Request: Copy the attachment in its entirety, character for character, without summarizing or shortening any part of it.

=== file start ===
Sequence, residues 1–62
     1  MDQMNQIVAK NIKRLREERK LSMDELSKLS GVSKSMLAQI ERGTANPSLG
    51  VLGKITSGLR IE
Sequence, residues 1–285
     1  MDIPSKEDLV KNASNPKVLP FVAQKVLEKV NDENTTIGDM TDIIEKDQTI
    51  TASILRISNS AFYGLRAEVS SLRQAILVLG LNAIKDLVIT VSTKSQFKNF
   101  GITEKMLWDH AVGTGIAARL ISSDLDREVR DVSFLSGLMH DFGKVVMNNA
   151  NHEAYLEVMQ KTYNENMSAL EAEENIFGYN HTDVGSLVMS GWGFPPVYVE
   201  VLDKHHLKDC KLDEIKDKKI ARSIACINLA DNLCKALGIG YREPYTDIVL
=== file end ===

Sequence, residues 1–62
     1  MDQMNQIVAK NIKRLREERK LSMDELSKLS GVSKSMLAQI ERGTANPSLG
    51  VLGKITSGLR IE
Sequence, residues 1–285
     1  MDIPSKEDLV KNASNPKVLP FVAQKVLEKV NDENTTIGDM TDIIEKDQTI
    51  TASILRISNS AFYGLRAEVS SLRQAILVLG LNAIKDLVIT VSTKSQFKNF
   101  GITEKMLWDH AVGTGIAARL ISSDLDREVR DVSFLSGLMH DFGKVVMNNA
   151  NHEAYLEVMQ KTYNENMSAL EAEENIFGYN HTDVGSLVMS GWGFPPVYVE
   201  VLDKHHLKDC KLDEIKDKKI ARSIACINLA DNLCKALGIG YREPYTDIVL